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Five Steps to Stronger Succession Plans in Nonprofits

Resource Center - Foundation

By Charles Ingersoll and Divina Gamble

A “sacrificial lamb risk” ought to send nonprofit organizations and their boards sprinting to their succession plans. The term too often describes the hasty departure of a newly hired leader who had the misfortune of following in the footsteps of a long-serving CEO at nonprofits with subpar succession plans.

The departure of long-time leaders, especially founder/CEOS, is particularly challenging in the nonprofit sector. The failure of so-called successor CEOs within two years of assuming their roles is potentially catastrophic and all too common. New research from a University of Washington/Waldron survey reveals that 54% of nonprofit leadership teams could not identify potential successors if their chief executives were to suddenly depart.

This is troubling news that ought to light a fire under nonprofit succession planning efforts. Developing a more rigorous chief executive succession plan qualifies as a truly mission-critical organizational capability in the nonprofit sector.

Nonprofit-Unique Obstacles

Nonprofits are not alone in facing succession planning problems. A survey conducted by PDI Ninth House e-Learning found that 50% of companies with annual revenues of $500 million or more had “no meaningful succession plans” in place in 2008.

The good news for nonprofit boards and senior leadership teams is that developing a suitable succession plan for the organization’s top executive does not require a marathon effort.  A sufficient succession plan—even one supported by a sophisticated leadership competency model—can be crafted in as little as 60 to 90 days.

The less cheery news? Nonprofits face at least two unique challenges that often impede succession planning. First, the chief executives, executive directors, and presidents who head nonprofits generally tend to serve long tenures—terms measured in decades rather than in years. This is particularly common for founder/CEOs.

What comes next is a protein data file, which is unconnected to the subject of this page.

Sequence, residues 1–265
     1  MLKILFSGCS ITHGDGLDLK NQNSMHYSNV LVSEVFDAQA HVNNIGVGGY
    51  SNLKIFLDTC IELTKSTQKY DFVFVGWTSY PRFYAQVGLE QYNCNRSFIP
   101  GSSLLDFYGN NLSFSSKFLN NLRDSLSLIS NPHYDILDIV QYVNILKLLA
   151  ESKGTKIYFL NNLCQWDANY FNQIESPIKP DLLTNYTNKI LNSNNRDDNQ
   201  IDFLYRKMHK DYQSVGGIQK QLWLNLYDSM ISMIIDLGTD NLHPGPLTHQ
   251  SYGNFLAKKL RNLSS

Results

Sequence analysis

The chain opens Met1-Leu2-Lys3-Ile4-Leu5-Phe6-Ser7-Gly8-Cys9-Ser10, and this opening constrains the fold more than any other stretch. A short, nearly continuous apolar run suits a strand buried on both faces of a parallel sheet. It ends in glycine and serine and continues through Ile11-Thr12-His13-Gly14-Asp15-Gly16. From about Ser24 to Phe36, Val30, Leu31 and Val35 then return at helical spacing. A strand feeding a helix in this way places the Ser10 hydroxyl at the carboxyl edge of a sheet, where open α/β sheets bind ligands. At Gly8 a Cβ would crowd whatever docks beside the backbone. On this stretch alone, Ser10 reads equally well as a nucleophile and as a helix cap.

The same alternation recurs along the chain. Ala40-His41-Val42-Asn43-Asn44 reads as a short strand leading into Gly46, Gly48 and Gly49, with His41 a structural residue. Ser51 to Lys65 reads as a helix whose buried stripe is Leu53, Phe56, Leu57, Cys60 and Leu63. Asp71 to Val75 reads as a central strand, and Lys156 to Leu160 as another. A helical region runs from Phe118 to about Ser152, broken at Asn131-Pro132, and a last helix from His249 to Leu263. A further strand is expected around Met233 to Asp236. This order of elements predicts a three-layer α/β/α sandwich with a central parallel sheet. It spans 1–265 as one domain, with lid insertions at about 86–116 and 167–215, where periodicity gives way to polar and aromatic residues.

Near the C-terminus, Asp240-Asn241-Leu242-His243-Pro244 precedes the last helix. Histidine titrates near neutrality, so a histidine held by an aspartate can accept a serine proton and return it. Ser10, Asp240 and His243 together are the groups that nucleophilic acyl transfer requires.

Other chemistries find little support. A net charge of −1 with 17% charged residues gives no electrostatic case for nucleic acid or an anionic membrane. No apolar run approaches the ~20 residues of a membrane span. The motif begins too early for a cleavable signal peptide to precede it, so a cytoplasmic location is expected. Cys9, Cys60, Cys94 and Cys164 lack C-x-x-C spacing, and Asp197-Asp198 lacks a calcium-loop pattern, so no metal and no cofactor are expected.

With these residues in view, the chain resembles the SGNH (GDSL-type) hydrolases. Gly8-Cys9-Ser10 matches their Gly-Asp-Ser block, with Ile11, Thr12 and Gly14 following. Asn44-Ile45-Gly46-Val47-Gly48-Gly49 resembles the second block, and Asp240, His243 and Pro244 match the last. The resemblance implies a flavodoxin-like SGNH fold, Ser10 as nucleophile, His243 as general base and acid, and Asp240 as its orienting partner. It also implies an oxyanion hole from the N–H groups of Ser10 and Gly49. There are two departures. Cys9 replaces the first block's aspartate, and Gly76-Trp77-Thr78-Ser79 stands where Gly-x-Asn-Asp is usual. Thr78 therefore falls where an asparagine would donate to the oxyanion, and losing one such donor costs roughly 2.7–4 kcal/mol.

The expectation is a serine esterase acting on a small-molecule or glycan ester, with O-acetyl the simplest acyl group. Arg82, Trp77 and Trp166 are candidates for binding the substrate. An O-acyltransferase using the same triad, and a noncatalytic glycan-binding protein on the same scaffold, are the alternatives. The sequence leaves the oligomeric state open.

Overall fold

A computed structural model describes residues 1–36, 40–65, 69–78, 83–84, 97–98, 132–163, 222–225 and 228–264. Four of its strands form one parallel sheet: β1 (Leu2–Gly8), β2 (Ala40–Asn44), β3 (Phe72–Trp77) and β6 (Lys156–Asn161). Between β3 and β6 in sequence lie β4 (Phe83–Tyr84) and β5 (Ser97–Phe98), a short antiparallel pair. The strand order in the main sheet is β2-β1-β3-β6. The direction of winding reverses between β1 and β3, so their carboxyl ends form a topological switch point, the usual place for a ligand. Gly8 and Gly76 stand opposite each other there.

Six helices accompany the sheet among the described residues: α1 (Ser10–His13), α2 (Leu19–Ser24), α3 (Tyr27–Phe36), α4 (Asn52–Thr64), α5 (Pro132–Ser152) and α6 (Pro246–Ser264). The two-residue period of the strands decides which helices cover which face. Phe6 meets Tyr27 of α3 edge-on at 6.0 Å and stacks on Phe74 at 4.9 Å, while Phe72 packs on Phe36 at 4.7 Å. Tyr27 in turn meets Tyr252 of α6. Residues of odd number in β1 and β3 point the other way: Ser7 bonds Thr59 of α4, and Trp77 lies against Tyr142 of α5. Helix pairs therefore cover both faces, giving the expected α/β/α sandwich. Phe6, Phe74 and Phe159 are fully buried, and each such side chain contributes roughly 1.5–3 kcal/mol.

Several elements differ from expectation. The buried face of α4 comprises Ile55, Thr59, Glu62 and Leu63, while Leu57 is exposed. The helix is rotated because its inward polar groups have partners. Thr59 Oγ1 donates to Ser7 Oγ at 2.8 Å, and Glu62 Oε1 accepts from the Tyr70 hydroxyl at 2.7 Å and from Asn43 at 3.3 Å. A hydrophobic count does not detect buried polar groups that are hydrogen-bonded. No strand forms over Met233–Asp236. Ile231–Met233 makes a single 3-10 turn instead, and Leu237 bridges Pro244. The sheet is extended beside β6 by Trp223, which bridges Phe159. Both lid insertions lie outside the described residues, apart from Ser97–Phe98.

The departure of a successful and long-serving executive director causes a major transition for the entire organization. And how well the organization manages this period of significant change hinges on the quality of the succession plan that ultimately produces a successor.

Second, nonprofit boards typically have long lists of concerns and risks to address, and these priorities typically leave little time for succession planning. Fundraising challenges, donor relations, and operations issues consume the vast majority of senior leadership’s and board members’ time and attention. 

Additionally, the need for succession planning rarely represents a pressing issue—until it’s too late. The average tenure of private-sector CEOs remains significantly shorter than the tenure of nonprofits’ leaders. As a result, private-sector boards must think about succession plans more frequently.

There is a compelling reason for addressing these nonprofit-specific succession planning challenges. Boards are well aware of the massive loss of institutional knowledge that occurs when a long-tenured leader walks out the door.  Those who have experienced leadership transitions also know how deeply staff productivity can swoon, how many questions arise from donors, and often, how donations plummet during the transition to a new leader.

Going through that transition once is disruptive and costly enough. Going through it twice places the mission and the people it serves at great risk.

Get Started (Quickly)

Nonprofit boards and senior leaders can address these challenges and strengthen their organizations’ succession planning capability with tangible actions.